others which have been strung, one after another, in this busiest of years for me. I have also despaired of it, and am not yet sure of its acceptance.”
Next day she felt that she “must see the last of dear Edwin Booth
The Journal describes his funeral at length; “the sun perfectly golden behind the trees.”
She brought away a bit of evergreen from the grave, and at church, two days later, “had the sexton slide it in among the pulpit flowers; afterward brought it home.
Perhaps a silly fancy, but an affectionate one.”
She wrote a poem in memory of Mr. Booth
, “not altogether to my satisfaction.”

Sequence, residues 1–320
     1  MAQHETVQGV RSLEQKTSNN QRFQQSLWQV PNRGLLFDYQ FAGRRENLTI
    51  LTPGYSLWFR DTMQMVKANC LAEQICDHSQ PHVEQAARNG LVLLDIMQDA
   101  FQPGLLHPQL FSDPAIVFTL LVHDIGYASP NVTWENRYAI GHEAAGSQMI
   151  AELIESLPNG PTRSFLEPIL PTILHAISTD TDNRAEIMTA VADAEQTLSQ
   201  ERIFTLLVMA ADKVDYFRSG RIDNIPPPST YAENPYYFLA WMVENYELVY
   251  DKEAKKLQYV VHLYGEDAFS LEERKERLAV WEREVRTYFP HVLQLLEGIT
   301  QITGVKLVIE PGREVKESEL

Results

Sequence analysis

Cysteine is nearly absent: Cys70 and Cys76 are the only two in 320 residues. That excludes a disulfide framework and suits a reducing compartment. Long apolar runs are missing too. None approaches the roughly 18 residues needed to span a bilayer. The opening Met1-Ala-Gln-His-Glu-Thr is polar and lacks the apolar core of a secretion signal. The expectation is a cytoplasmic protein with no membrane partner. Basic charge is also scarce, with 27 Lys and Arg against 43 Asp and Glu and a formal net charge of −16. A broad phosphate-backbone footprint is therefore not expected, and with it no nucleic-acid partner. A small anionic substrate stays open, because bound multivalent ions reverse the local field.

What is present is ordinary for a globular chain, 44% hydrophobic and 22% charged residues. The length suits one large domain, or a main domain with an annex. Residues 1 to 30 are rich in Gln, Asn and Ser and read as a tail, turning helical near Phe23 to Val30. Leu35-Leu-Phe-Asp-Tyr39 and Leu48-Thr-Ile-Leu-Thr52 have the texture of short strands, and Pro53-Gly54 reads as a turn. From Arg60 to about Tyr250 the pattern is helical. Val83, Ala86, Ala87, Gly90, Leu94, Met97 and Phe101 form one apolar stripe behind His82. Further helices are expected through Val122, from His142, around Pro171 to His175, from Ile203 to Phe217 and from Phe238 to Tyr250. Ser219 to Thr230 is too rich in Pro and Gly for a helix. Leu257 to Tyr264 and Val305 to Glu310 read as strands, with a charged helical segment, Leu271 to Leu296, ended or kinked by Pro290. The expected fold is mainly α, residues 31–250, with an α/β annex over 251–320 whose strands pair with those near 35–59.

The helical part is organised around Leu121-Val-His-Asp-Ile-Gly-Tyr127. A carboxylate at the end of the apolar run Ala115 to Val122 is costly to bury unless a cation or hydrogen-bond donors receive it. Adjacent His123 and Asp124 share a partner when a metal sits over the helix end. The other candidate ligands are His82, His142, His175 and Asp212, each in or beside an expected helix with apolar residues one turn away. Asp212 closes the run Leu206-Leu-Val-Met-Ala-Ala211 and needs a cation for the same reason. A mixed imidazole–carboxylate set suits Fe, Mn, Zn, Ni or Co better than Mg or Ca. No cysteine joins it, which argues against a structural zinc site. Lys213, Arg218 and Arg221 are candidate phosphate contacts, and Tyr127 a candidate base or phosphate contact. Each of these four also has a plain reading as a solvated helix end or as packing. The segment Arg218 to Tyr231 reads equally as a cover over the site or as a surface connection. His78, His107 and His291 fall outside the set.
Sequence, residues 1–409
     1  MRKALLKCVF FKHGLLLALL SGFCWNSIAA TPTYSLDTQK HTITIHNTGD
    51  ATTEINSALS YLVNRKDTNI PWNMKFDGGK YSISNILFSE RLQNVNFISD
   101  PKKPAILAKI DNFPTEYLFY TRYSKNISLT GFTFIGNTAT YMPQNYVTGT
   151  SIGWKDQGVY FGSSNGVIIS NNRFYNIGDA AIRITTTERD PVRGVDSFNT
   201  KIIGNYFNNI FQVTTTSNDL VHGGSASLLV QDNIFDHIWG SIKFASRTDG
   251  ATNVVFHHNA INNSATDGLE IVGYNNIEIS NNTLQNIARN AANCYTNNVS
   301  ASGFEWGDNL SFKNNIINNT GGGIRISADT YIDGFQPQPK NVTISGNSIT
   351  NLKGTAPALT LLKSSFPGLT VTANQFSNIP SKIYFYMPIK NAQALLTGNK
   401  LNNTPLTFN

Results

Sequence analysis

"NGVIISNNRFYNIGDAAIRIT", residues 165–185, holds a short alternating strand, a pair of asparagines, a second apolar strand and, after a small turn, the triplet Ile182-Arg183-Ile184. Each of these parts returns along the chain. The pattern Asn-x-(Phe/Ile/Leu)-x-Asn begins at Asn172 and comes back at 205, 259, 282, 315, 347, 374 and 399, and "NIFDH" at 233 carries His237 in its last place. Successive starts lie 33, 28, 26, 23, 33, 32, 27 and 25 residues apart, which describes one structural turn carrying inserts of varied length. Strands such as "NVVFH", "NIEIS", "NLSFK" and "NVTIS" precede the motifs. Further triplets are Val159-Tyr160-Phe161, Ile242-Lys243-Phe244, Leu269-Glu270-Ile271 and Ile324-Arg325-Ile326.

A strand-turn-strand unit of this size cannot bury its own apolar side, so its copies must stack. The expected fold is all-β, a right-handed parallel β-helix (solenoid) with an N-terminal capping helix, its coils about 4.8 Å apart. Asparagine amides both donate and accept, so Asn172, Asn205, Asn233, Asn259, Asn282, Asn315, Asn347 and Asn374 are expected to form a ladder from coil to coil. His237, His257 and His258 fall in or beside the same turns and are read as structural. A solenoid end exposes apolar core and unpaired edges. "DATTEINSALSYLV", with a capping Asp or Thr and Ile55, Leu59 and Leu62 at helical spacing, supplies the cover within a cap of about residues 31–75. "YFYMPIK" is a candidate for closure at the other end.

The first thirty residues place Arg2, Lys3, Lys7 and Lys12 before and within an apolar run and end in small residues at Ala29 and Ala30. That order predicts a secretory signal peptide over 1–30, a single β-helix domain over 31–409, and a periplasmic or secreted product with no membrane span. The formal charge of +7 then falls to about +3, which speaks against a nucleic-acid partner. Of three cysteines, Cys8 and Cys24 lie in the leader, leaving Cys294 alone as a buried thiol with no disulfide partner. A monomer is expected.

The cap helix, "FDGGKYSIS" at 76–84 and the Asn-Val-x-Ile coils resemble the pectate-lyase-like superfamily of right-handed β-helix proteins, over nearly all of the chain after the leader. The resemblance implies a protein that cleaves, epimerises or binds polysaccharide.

She felt his death as a real loss; he remained always to her a beautiful and heroic figure, connected with a great time.
. ‘Thus far the Lord
has led me on.’
I have had many pieces of work to accomplish, and when almost despairing, seemed to have been uplifted right into my working seat, and so have fulfilled my tasks as well as I was able.
Have still my Fourth of July poem to write, and wish to write a poem in memory of Edwin Booth
I'm hungry, oh!
how hungry, for rest and reading.
Must work very hard for A. A.W. this season.. .”
She went to Harvard Class Day this summer, her eldest grandson, Samuel Prescott Hall, being of the graduating class; drove out to Cambridge
in a pouring rain, and enjoyed the occasion.
“I saw my Boy march with his fellows; when they cheered Weld
, I waved a napkin.”
The summer sped by on wings of study and work;